The real estate crisis in China is not over yet: what is happening?

SEOUL – Chinese home buyers’ strong belief that real estate is a safe investment has made the country’s real estate sector the backbone of its economy.

But over the past two years, as businesses crumble under heavy debt and new home sales decline, Chinese consumers have demonstrated an equally unwavering belief: real estate has become a losing investment.

This apparent loss of confidence in property, the main store of wealth for many Chinese families, is a growing problem for Chinese policymakers, who are making every effort to revive the industry – with little effect. The problems came to a head on January 29 when a Hong Kong court ordered China Evergrande to cease operations and liquidate the company, which has more than $300 billion in debt.

Evergrande limped along for two years after defaulting on payments due to investors. Short of cash to pay creditors, he tried to convince them that his apartments were still a good investment. The market will surely recover, as it did during the last economic recession.

But this economic recession, the longest on record, is not only longer, it is accelerating.

Home sales in China fell 6.5 percent in 2023. Sales in December fell 17.1 percent from a year earlier, according to Chinese investment bank Dongxing Securities. Real estate development declined by 9.6 percent last year.

“The market has not bottomed out yet,” said Alicia Garcia-Herrero, chief economist for Asia-Pacific at Natixis. “There is still a long way to go.”

Japanese financial services firm Nomura Securities estimates that there are 20 million pre-sold housing units waiting to be completed, which would require $450 billion.

Now Chinese financial regulators are urging banks to extend more loans to developers.

Xiao Yuanqi, deputy director of China’s National Financial Regulatory Administration, recently said that banks should not immediately cut loans to troubled projects, but should extend the time to repay the loans or provide additional funds. China’s central bank and financial regulator has said it will allow some developers to use bank loans for commercial properties to pay off other loans or bonds.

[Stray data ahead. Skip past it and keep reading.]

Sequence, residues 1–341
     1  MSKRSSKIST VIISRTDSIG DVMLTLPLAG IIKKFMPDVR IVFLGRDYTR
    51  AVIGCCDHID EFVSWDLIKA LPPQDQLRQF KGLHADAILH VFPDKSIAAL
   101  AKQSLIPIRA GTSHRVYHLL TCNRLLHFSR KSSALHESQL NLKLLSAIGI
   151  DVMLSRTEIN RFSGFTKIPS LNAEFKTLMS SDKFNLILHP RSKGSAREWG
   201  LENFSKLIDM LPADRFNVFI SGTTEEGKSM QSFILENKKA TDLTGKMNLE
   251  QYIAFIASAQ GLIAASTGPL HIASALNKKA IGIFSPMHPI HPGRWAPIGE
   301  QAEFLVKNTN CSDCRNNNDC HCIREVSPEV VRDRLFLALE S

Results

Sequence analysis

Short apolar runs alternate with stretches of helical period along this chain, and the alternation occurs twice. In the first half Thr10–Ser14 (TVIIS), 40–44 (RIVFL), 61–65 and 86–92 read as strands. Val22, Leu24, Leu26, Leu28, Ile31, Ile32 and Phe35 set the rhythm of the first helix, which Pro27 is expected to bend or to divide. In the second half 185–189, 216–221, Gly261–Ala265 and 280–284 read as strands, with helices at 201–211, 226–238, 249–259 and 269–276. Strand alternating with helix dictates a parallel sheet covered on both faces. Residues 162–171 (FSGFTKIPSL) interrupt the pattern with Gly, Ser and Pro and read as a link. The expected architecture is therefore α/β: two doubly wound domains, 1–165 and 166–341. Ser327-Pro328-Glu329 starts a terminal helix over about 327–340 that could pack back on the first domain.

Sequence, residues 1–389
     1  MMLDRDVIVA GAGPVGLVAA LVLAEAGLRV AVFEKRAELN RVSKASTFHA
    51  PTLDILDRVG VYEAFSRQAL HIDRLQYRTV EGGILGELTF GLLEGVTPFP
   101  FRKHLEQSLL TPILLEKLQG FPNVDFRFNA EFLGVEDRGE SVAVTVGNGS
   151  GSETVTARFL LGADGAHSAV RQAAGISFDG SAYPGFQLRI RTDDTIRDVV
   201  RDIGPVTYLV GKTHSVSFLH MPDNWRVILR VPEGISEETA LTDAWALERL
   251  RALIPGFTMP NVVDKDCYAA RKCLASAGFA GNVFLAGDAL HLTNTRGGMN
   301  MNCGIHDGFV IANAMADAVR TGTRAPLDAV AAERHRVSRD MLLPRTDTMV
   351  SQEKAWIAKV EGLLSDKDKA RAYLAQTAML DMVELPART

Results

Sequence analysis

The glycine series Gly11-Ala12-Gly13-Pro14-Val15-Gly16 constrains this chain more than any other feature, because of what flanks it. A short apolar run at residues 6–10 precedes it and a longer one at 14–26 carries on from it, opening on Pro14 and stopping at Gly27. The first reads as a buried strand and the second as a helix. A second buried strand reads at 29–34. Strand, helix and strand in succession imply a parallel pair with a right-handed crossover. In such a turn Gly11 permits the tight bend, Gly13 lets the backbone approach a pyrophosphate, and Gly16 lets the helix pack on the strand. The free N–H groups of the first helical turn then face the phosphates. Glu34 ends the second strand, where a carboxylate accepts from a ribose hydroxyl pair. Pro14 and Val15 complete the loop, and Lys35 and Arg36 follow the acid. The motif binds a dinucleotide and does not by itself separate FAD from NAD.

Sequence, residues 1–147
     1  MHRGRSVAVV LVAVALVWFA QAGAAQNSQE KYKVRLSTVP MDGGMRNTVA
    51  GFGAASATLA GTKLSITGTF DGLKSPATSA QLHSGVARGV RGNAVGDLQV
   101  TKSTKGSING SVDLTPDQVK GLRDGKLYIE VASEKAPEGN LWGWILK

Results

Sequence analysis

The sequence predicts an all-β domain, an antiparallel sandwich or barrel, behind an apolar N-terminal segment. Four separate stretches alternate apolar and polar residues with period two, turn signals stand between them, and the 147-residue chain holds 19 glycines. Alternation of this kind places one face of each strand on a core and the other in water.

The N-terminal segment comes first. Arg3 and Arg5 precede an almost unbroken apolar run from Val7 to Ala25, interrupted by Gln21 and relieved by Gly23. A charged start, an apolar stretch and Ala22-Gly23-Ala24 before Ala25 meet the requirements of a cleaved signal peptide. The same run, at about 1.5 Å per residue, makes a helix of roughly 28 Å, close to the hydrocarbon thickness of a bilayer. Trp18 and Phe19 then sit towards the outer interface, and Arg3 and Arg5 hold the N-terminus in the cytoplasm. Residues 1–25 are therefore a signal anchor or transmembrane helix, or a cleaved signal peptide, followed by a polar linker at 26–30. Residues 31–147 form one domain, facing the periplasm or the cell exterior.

Since 2021, more than 50 Chinese real estate companies have defaulted on their loan payments, including two major companies: Evergrande and Country Garden.

When China took steps to cool the real estate sector several years ago, it limited home buying by speculators. Buyers were required to make large down payments, which discouraged people from purchasing additional property. Suzhou, a city in eastern China, has lifted most of its restrictions. However, relaxing the rules has not helped the market.

China’s outstanding mortgage loans fell 1.6 percent last year to 2022, a year when businesses and residents in many cities were still dealing with lockdowns due to the Covid-19 pandemic. According to Chinese business magazine Caixin, this represents the first decline in nearly two decades. As of 2021, mortgages were growing at more than 10 percent annually.

An ongoing concern for potential home buyers is the large number of incomplete and already sold apartments.

Nidia Duan, a 19-year-old college student in Guangdong province, said her family offered to buy her a house when she turned 18, but she resisted because of concerns about it.

“I’m still reluctant to buy it,” she said. “I will consider it when the housing market is more stable.”

By: Daisuke Wakabayashi and Claire Fu

bbc-news-src: https://www.nytsyn.com/subscribed/stories/7111547, import date: 2024-02-12 22:18:03



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